KCI Screeners Are Test Case for Labor-Management Relations

Passenger and baggage screeners at Kansas City International Airport are part of a national workforce of nearly 50,000 people responsible for making sure the events of Sept. 11, 2001, never happen again.


?The issue is not whether these workers have a right to organize, but whether the NLRB has jurisdiction in this case.?

Steve Maritas, SPFPA

Passenger and baggage screeners at Kansas City International Airport are part of a national workforce of nearly 50,000 people responsible for making sure the events of Sept. 11, 2001, never happen again.

But the 600 workers at KCI are different from most of their peers around the country in a couple of respects. First, they are private-sector employees, working for a company that has contracted with the federal government. Screeners at only four other U.S. airports have the same designation.

Secondly, they have become a test case for labor-management relations in the post-9/11 era that could affect the rights of workers in thousands of similar jobs.

In late June, the KCI screeners employed by FirstLine Transportation Security Inc. voted in a union-representation election conducted by the National Labor Relations Board. However, the company appealed the decision by Mike McConnell, the NLRB?s regional director in Overland Park, that the agency had the jurisdiction and authority to hold the vote.

The outcome of the vote is unknown. The votes were impounded while the appeal went to the National Labor Relations Board in Washington. That board, the ultimate authority within the NLRB, surprised some labor law observers and alarmed the labor movement when it decided to review the case.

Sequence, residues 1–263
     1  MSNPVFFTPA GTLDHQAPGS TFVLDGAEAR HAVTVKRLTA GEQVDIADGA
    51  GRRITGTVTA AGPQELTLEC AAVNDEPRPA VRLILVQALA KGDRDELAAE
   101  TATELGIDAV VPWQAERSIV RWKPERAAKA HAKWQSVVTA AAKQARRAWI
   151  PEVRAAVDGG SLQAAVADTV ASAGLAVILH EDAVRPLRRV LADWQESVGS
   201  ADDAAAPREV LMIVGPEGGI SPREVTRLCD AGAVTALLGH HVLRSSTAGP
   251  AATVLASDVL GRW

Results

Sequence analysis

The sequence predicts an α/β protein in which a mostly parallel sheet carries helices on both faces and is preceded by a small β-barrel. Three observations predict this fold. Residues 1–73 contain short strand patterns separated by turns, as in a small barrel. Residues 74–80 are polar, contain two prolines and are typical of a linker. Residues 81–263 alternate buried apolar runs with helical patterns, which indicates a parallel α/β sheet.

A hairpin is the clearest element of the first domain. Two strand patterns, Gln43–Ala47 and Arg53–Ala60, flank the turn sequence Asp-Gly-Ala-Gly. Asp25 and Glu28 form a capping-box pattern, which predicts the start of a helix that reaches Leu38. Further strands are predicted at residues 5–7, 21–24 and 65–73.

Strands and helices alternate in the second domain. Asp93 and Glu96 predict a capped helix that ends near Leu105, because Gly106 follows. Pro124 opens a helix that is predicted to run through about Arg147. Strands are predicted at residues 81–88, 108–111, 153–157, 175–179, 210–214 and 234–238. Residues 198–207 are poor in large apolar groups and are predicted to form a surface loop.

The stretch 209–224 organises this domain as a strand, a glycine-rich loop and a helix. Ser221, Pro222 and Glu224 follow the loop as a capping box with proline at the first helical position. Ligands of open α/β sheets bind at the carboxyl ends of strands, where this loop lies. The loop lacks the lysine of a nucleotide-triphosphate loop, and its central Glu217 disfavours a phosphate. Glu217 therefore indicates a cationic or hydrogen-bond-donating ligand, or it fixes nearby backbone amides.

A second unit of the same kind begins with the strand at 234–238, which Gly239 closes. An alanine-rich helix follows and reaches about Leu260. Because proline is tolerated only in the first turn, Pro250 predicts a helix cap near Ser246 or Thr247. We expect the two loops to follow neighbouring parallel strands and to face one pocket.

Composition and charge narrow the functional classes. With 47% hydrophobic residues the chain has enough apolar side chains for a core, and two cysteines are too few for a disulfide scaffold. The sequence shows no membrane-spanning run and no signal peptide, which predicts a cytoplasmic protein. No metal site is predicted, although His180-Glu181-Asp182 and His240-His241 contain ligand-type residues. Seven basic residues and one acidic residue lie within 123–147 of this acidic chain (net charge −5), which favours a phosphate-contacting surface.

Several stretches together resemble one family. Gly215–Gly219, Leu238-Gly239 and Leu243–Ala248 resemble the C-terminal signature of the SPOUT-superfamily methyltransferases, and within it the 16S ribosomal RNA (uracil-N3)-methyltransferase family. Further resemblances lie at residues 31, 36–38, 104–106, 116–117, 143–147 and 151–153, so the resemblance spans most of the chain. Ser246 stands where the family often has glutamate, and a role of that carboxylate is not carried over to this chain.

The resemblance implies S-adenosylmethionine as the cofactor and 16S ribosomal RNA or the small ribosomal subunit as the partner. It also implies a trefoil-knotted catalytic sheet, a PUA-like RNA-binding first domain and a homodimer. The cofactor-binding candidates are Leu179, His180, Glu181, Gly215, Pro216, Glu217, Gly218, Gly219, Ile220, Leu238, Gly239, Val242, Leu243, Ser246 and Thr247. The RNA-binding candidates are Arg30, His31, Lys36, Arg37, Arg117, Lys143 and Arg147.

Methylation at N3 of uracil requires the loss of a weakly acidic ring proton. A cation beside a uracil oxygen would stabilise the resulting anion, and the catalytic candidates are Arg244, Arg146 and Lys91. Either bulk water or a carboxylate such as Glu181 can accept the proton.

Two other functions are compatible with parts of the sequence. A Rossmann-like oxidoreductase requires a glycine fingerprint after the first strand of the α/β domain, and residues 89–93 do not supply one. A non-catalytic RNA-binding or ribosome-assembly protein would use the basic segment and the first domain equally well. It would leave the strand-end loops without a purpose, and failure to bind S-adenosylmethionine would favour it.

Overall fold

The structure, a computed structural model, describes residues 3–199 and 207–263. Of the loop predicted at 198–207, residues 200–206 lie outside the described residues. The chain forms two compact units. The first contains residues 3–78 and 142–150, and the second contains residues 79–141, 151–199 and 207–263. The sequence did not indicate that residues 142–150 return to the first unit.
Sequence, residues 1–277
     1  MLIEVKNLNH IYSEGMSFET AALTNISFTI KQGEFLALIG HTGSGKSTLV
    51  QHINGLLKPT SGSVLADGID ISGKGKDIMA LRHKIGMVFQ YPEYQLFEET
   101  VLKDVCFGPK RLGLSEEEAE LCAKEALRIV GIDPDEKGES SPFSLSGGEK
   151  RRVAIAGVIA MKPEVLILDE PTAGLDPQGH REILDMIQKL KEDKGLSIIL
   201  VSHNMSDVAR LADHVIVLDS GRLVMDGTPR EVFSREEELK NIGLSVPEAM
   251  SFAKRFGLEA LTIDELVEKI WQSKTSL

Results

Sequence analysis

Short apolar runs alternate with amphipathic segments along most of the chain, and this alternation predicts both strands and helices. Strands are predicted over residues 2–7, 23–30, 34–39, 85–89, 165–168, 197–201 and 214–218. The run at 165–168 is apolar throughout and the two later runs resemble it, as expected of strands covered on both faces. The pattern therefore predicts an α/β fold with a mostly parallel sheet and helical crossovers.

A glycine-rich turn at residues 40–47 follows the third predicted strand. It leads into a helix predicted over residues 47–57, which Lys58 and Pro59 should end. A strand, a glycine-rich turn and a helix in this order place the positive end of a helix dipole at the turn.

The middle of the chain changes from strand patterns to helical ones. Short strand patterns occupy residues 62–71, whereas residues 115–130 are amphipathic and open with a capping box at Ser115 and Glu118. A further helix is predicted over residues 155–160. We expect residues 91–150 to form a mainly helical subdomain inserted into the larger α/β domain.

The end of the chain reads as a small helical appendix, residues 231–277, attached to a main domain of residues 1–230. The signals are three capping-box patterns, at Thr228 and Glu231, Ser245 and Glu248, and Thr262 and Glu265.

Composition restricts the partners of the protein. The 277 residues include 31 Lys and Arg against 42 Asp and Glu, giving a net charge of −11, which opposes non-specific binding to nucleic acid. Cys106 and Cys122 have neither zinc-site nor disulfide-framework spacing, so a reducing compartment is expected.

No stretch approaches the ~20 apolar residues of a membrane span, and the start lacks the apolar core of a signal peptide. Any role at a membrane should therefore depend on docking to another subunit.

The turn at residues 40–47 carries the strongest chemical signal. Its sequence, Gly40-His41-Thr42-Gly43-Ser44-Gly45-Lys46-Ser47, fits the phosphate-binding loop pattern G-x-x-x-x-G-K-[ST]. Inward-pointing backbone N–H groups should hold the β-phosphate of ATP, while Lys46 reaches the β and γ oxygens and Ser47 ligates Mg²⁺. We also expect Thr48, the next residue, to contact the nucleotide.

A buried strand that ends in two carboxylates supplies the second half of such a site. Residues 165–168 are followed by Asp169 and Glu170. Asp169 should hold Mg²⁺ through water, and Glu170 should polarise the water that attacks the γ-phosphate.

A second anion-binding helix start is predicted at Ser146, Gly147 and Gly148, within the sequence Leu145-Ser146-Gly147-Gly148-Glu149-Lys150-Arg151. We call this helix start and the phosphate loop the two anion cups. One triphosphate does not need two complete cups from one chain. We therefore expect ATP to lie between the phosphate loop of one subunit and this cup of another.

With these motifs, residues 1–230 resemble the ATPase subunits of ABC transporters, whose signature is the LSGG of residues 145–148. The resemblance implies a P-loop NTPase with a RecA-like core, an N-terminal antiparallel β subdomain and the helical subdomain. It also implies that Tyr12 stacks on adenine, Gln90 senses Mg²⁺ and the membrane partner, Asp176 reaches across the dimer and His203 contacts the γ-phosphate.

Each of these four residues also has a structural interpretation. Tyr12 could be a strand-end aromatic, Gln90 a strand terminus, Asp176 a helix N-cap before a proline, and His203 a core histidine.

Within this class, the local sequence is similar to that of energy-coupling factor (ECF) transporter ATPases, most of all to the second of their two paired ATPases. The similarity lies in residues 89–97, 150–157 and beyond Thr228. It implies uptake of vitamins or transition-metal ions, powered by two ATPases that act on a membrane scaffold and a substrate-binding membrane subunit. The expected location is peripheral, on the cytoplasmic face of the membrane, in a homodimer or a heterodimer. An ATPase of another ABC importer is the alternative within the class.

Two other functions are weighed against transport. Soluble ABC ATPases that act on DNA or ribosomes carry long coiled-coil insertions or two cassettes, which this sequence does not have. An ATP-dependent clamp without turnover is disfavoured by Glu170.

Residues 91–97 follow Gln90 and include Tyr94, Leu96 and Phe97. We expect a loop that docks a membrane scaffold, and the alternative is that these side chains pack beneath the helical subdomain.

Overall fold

What started as a relatively small matter in Kansas City has spun into a national debate among private companies, unions, members of Congress and law professors over the issues the FirstLine election presents.

The company has argued that the privately employed screeners at KCI should be treated the same as the 45,000 federal screeners, who are not allowed to unionize. If the NLRB finds that the two employee groups are different, then the company contends that, in the interest of national security, the private screeners should not be allowed to form a union.As a result, the notion that private screeners would not be allowed to collectively bargain has some labor law experts concerned, given the hundreds of thousands of workers who currently have union representation and whose duties could be defined as having a national security component. Those jobs could be everything from police officers and firefighters to security guards of federal buildings, federal courthouses and nuclear power plants. ?Even if you think the (Transportation Security Administration) is justified in disallowing unions among its employees, letting the NLRB apply that rule to private-sector workers would be troublesome,? said Joseph Slater, professor at the University of Toledo College of Law. ?It?s a slippery slope to a whole slew of other jobs that could be affected. I hope that will give the board some pause when they review this case.?

Privatizing issues

After the Sept. 11 attacks, in which suicide hijackers crashed jets into the World Trade Center and the Pentagon, killing more than 3,000, the country was in a panic to protect against further attacks. Congress gave control of all U.S. airport checkpoint screening to the Transportation Security Administration. Congress felt federal employees with more training would do a better job than the private company screening system that allowed the 19 attackers to get on board with box cutters.

Since the law allowed airports to return to private screening in November 2004, KCI and four other airports were put into a two-year pilot program in the fall of 2002 to see if private security screening contractors could meet expectations. So far, only Sioux Falls Regional Airport in South Dakota has applied to seek a private firm, but others may follow.

FirstLine is a subsidiary formed by SMS Holdings in the aftermath of 9/11 to enter the airport security business. It got the KCI contract, worth more than $30 million annually, and intends to bid on other contracts when airports return to private screening contractors.

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